The name Vipre Internet Security 2014 sounds impressive. But this security suite ($50 for two years of protection on one PC) offers merely adequate protection, and its interface needs a makeover.
In our real-world (zero-day) tests, Vipre blocked 87 percent of unknown malware attacks, compared to 98 percent or better for most other products (only Webroot SecureAnywhere Internet Security Complete fared worse than Vipre on this measure). Vipre performed extremely well against known malware attacks, however, successfully blocking 100 percent of them.
Though Vipre didn't incorrectly tag any safe websites as threatening, it did flag five legitimate programs as dangerous in our usability tests. Only F-Secure Internet Security 2014, and Webroot SecureAnywhere (again) had as many false positives in our ten-suite roundup.
Vipre adds some bulk to your system resources, with a performance score of 7that's marginally better than Norton Internet Security 2014 and Eset Smart Security 7, but significantly slower than Kaspersky Internet Security 2014, F-Secure Internet Security 2014, and AVG Internet Security 2014, among others. With Vipre running, you may see some lag in startup and shutdown times.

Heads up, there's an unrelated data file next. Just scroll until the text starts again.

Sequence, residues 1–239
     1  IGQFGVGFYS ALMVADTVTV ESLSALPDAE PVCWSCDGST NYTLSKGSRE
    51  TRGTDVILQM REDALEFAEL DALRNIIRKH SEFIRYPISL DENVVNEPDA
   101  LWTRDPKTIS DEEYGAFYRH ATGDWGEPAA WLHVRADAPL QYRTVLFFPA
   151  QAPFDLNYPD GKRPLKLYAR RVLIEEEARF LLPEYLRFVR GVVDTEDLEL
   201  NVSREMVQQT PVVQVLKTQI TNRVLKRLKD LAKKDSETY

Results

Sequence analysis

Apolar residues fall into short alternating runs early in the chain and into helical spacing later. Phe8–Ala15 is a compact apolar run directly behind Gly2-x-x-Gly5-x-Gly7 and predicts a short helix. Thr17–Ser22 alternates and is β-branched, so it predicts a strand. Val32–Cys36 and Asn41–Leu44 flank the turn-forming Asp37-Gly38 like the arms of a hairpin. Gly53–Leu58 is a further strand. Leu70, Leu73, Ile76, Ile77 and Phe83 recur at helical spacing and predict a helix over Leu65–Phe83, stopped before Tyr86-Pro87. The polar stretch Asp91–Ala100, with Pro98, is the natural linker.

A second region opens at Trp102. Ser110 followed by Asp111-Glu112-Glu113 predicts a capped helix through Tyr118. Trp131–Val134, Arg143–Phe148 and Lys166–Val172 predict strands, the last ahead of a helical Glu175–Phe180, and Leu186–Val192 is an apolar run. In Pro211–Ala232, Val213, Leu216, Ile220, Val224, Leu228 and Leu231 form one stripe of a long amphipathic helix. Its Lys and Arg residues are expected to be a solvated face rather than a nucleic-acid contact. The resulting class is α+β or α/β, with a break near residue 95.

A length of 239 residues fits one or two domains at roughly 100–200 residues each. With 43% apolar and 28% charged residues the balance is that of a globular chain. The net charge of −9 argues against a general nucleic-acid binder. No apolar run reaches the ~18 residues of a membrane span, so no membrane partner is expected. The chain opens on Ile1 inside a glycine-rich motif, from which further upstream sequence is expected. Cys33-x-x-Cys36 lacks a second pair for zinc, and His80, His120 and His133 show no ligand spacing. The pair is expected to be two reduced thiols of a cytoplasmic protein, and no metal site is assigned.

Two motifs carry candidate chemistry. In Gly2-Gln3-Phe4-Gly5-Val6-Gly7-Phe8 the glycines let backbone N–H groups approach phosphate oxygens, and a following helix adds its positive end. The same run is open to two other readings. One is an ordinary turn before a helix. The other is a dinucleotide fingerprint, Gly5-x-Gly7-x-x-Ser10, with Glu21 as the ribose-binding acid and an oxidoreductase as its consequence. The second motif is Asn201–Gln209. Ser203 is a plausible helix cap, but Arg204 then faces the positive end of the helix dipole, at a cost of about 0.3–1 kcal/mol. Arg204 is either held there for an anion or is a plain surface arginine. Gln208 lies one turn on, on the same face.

Installing Vipre is a quick process, but it does require a system restart. The program identifies incompatible software, such as other antivirus programs, but it doesn't require that you uninstall them before continuing (though it recommends that you do so).
The main console window has Vipre's logo in the upper left corner, next to five tabs: Overview, Scan, Firewall, Manage, and Tools. The Overview screen shows you your protection level in four status indicators (scan status, protection, updates, and firewall). Each status indicator has a circle with a green checkmark (if you're protected) or a red x (if you're not), and a link to that status's settings menu.
The other tabs offer more-advanced features, such as quarantine and scan schedules in the Manage tab, and Social Watch' and History Cleaner' in the Tools tab. Though the main buttons and tabs are touchscreen-friendly, most of Vipre's interface is full of word links, checkboxes, and radio buttons.
Vipre's settings menu needs a lot of work. You can access specific settings (such as settings specific to scanning, or to the firewall) from the main screen, but the menu is confusing, unintuitive, and not at all touch-optimized. The program doesn't explain terms and features, though you can always click the Help button if you want to slog through VIPRE's Help literature.
Vipre Internet Security 2014 pales next to the competition. The level of protection it offers is just adequate, and its interface lacks polish.